Secondly, is accreditation needed? I’m agnostic on this one. The programme is just an expression of the desire for more transparency about what quallies do and what skills are required. We work in an industry without standardised training and certification. Whilst this freedom tends to suit the practitioner and has never stood in the way of talented people doing inspirational work, it is obviously incompatible for a global FMCG firm trying to “codify their insight processes”. Some form of accreditation might have benefits for us all, if only providing a rebuttal the challenge ‘It’s only asking questions. Couldn’t anyone do that?

Thirdly, will this approach work for Unilever? Only time will tell. In practical terms the 3 hour assessment may be limited in judging moderator fitness even without the risk of having ‘one weird group’. Or the inconvenient fact there’s more to the quallie toolkit than groups.

By Christmas the first tranche of results will be out and the first accredited researchers will start playing their trade. Unintended consequences – like the anointed few being overworked and over approached by headhunters – may well abound. The only certainty is we’ll be hearing lots more on the subject in 2012.




About Simon Shaw

I'm a Director at an insight consultancy. I'm interested in marketing, market research & consumer psychology. The views expressed are not necessarily those of my employer.
This entry was posted in Market Research, Marketing Research, Qualitative research and tagged , . Bookmark the permalink.

2 Responses to Deconstructing qual: the Unilever Qualitative Researcher Accreditation Programme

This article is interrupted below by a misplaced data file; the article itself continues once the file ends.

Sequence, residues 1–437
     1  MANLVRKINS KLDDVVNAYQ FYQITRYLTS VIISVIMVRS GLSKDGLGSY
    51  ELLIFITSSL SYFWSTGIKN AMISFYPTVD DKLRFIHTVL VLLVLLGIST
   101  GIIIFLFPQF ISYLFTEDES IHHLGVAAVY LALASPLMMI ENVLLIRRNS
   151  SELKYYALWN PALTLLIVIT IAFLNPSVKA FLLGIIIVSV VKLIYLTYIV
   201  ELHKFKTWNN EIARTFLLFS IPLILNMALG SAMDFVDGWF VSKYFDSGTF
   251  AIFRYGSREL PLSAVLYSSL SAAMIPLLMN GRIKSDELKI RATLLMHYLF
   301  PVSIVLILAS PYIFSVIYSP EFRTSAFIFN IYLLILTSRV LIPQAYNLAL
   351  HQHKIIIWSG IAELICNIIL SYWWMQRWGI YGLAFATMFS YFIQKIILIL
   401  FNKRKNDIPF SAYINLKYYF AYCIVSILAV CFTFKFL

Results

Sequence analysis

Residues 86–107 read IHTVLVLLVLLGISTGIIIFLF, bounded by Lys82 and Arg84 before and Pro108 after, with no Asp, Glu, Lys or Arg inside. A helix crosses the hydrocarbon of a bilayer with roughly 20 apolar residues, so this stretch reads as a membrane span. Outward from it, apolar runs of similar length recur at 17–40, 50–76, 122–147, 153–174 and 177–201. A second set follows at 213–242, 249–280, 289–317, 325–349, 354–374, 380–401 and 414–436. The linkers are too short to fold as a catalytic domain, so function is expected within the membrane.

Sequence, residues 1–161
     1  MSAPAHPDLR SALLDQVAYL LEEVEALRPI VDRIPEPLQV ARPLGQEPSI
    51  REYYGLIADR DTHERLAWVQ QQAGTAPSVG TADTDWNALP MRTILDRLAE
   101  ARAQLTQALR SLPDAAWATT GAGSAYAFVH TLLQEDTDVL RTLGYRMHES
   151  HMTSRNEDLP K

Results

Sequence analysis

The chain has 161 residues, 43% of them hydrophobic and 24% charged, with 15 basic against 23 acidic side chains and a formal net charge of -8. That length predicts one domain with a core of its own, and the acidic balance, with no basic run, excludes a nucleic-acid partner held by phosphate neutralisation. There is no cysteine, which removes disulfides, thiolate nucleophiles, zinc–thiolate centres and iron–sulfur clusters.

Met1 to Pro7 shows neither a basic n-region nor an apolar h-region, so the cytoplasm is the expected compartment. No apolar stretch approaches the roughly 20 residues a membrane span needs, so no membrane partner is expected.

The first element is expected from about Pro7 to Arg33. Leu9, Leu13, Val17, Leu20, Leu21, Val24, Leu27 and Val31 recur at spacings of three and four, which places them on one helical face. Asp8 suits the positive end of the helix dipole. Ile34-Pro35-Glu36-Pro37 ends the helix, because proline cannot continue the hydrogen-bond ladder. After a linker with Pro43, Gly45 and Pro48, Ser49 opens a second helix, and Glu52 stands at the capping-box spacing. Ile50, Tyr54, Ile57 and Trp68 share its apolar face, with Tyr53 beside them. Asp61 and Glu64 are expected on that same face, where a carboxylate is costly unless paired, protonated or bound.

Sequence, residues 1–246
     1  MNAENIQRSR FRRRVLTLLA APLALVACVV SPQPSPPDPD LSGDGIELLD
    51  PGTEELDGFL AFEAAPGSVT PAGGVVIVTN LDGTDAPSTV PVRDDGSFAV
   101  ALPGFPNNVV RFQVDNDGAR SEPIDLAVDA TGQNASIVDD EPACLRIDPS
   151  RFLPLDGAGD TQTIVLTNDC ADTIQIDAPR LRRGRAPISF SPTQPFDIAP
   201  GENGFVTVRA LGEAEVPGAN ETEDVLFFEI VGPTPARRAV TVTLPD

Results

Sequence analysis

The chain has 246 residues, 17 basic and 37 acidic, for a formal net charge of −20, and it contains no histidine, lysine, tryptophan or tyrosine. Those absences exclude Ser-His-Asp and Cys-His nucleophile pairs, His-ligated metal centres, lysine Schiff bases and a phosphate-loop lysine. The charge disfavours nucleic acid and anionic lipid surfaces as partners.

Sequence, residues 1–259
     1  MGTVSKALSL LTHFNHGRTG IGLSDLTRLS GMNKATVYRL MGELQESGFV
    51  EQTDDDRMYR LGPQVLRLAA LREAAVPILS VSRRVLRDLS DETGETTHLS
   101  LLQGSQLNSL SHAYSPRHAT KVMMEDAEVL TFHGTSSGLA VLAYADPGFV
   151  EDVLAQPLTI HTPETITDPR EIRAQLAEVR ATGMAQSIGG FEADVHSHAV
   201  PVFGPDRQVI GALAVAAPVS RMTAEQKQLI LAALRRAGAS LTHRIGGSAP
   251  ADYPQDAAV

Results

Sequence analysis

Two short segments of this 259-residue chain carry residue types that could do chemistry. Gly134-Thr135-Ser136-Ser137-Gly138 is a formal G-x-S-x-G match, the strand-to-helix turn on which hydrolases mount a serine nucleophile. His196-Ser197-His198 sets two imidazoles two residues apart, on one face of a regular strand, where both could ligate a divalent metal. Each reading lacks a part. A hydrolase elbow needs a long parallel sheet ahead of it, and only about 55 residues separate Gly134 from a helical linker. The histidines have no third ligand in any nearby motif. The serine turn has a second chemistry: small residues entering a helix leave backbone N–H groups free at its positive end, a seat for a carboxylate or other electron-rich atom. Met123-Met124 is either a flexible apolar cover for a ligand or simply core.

1. Simon Riley says:

    A useful summation for people like me who couldn’t be there. I was approached by an agency I’ve freelanced for on Unilever work to do the accreditation, but haven’t heard anything about it in months. I am a bit skeptical too but ultimately will give it a go as it makes sense as a freelancer to be as widely accredited as possible. But I did have a very bad experience many moons ago with a couple of rogue Unilever people (everyone else I dealt with from there has been great) who blamed me for a slow and difficult group who also (by coincidence) didn’t like their pet idea and wouldn’t engage with it. They went into a kind of huff after the group, it was remarkable, and I got a lot of grief from them afterwards, which really took me a long time to get over, though I knew they were being silly. Needless to say they claimed to be experts in qual, have seen hundreds of groups etc. Hmm – it didn’t seem like it. I must say that was my only bad experience but it does make me slightly wary of who is going to be sitting in judgement. But if you want to make an omelette, eggs must be broken, so if still asked, I’ll be going for it.

  2. Simon Shaw says:

    Cheers Mr Riley

    It was my first AQR experience and certainly one I won’t forget. The atmosphere was akin to a residents association opposing a property developer’s plans to build on the village green!

    Irritatingly I can see this one from both sides. It may be tough on the incumbents who don’t all get through the process whilst providing an opportunity for newbies who perhaps have less to lose. We’re all up for it at Brass.